It’s a mixed bag when one looks into how single-family home property values have fluctuated across Lake, Geauga and eastern Cuyahoga counties during the past several years.
The average value for most communities in Geauga County for this type of home has dropped very little since 2008, when the real estate market began to crash nationally, according to information from the county Auditor’s Office.
Auditor Frank J. Gliha said his office also just recently completed the triennial update of property values that are determined based on sales, and there will be no change in values from when a countywide reappraisal was conducted three years ago.
“I thought that is very good for the residents of Geauga County,” he said. “I’m working hard to stabilize the values where they are today.”
He doesn’t believe the values will get back to the levels in 2005 when the real estate boom occurred, causing values to skyrocket.
“I think we’re in an economy where the value is where they should be,” Gliha said.
Geauga County Commissioner Mary Samide, who has served in her position for 10 years, believes the large lot zoning requirements in many of the townships, along with the semi-rural characteristics within the county, also have helped to keep property values from declining as much as in other areas in the state.
The average residential property value in eight communities covered by The News-Herald in eastern Cuyahoga County for 2013 shows more of a drop when compared with the years 2008 and 2009, according to the Cuyahoga County Fiscal Office.
These communities showed the smallest average value drop was $18,005 in Mayfield Village while the highest decline of $38,745 was in Richmond Heights.
Richmond Heights Building Commissioner Philip Seyboldt said property values are probably more accurate now than they were during the boom years of 2005, 2006 and 2007, when he said “practically anybody could buy a house with no money down.”
“Mortgages are harder to come by than they were six or seven years ago,” Seyboldt said.
In Euclid, the average certified value of a residential property was $105,511 in 2008 and decreased to $69,586 in 2013. Several programs are offered in Euclid to help fight abandonment and blight.
The Euclid Development Corp., for example, offers 3 percent interest loans for eligible residents to upgrade and improve their homes, or down-payment assistance for eligible incoming residents.
Through the Cuyahoga County Land Bank, the Advantage Plus Loan Program also is available in Euclid. This program, which is available exclusively in Euclid, is specifically geared toward prospective home owners who want to rehabilitate a home to make it their own. The properties in this program need extensive work that requires the purchaser “to have either renovation expertise or the ability to pay contractors to make the necessary repairs,” according to the Cuyahoga County Land Bank’s website. Investors are excluded from the program.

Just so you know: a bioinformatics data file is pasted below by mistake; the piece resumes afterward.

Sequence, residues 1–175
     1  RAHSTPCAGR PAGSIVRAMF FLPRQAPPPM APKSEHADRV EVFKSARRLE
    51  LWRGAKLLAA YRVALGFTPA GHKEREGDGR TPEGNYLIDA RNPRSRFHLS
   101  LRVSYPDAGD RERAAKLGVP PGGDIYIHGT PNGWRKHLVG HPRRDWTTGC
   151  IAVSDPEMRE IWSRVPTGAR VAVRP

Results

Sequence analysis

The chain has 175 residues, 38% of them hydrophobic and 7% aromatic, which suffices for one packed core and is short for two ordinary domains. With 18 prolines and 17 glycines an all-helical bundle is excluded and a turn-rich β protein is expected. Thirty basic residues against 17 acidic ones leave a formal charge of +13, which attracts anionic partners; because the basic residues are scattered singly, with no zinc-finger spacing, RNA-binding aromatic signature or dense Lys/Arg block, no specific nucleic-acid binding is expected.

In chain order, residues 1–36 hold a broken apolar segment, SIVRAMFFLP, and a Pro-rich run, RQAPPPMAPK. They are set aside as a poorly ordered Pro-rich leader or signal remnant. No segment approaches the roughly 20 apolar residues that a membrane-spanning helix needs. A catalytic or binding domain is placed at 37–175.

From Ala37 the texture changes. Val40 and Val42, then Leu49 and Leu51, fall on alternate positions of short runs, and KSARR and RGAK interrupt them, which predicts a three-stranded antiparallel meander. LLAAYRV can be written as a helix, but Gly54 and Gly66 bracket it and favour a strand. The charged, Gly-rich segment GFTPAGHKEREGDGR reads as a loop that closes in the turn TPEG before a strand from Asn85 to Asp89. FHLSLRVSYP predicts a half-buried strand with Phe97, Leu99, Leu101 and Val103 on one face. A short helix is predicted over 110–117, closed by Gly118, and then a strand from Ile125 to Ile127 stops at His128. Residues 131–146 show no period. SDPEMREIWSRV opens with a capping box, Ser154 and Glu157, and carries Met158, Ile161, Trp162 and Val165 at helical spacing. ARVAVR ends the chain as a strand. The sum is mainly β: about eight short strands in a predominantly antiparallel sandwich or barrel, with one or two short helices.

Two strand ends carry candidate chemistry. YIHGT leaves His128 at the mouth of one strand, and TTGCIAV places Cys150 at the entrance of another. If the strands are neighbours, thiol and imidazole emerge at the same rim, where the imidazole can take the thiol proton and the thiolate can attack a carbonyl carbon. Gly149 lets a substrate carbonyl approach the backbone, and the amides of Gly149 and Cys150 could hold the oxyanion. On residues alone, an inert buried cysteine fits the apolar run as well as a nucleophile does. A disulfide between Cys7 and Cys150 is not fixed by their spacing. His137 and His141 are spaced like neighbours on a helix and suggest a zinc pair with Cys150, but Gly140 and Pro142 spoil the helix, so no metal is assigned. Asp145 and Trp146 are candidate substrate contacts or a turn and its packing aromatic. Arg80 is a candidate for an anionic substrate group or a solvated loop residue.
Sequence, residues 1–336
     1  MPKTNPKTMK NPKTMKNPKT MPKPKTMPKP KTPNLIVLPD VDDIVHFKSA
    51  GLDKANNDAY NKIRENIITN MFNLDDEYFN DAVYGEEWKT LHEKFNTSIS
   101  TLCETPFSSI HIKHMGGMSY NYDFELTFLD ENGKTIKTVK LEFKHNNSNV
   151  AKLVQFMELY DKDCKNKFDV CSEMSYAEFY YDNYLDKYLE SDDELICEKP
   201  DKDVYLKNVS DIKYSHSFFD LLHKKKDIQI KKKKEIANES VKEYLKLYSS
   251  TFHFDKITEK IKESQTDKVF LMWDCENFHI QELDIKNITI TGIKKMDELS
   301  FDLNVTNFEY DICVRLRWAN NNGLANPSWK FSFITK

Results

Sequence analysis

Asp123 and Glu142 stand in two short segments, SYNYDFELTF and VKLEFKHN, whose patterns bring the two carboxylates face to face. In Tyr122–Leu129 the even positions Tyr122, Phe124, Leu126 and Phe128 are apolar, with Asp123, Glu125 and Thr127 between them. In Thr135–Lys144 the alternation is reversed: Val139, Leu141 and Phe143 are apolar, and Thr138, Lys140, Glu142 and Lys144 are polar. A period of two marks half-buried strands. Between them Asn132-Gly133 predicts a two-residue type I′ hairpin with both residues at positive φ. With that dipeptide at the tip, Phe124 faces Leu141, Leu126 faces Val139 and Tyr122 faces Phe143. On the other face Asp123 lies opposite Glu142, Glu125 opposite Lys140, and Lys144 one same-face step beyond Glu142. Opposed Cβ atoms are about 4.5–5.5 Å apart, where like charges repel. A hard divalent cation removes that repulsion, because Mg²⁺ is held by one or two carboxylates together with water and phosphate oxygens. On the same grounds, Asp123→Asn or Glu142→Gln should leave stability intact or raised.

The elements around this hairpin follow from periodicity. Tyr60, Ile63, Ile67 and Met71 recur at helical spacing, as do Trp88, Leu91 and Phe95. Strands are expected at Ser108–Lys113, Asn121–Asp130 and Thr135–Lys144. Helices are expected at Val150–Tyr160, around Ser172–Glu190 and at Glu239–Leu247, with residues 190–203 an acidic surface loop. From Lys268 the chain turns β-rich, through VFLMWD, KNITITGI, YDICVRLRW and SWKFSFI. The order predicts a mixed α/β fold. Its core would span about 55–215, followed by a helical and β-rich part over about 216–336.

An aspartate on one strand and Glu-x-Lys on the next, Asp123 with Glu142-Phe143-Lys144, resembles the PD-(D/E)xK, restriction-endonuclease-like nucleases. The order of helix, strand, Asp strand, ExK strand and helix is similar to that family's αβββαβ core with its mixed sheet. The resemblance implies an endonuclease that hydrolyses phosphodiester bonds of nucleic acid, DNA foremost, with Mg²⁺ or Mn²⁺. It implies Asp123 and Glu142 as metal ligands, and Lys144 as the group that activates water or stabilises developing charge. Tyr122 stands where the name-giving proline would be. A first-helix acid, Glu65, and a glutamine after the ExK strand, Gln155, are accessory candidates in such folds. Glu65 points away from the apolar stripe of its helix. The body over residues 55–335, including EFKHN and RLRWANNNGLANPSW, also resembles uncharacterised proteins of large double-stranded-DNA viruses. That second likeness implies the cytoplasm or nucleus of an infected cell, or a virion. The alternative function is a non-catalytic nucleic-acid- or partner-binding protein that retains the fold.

Participants in the Advantage Plus Loan Program can receive up to $10,000 in renovation work that the buyer and the Cuyahoga County Land Bank “agree must be completed in order to meet the Land Bank’s Housing Quality Standards and any municipal point-of-sale requirements,” according to the Land Bank’s website.
Ian Ahern, a housing manager with the Cuyahoga County Land Bank, said the project is a pilot program and they work hand in hand with Euclid Building Department to increase owner occupancy in the city.
Ahern added the program started in 2013 and about 20 homes have been sold through it.
In Lake County, average single home property values weren’t available from the Auditor’s Office, but the average sale prices were available from years 2006 through 2013.
The statistics, which did not include foreclosed or distressed properties, showed average sale prices generally trended toward a decline countywide from 2006 ($161,924) through 2009 ($127,260) jumped slightly in 2010 ($129,300), then spiked by an average of $42,000 to $173,500 in 2011.
In 2012 ($169,680) and 2013 ($166,919), the average sale price countywide leveled off and declined slightly.
Another component of the single-family home sales shows that the number of sales in 2006 in the county totaled 4,274.
In 2007 there were 3,566 sales; 3,147 in 2008; 3,188 in 2009; 2,840, in 2010; the statistics show.
There was a huge dropoff in the number of sales in 2011 with just 930 countywide; in 2012 there were 1,053; and in 2013 the total jumped to 1,624.
State Rep. John Rogers, D-Mentor-on-the-Lake, serves as executive director of the Lake County Land Reutilization Corp., also called the Lake County Land Bank. He said after the real estate bubble burst a few years ago, there were many foreclosures and tax delinquencies that took place, so it’s hard to say exactly how much that has affected average sale prices.
But Rogers said items such as low interest rates and programs like the federal Home Affordable Refinance Program have helped stabilize some prices.
One way the county works to maintain property values is to help get rid of property blight, he said.
So far, the Land Bank has taken down 40 homes within the county since the agency was formed by Lake County commissioners created the entity in 2012.
“We’ve already seen some of these properties be interested for future development,” Rogers said.
Other properties acquired by the Land Bank also have sparked some interest in renovation or possible sales, he said.
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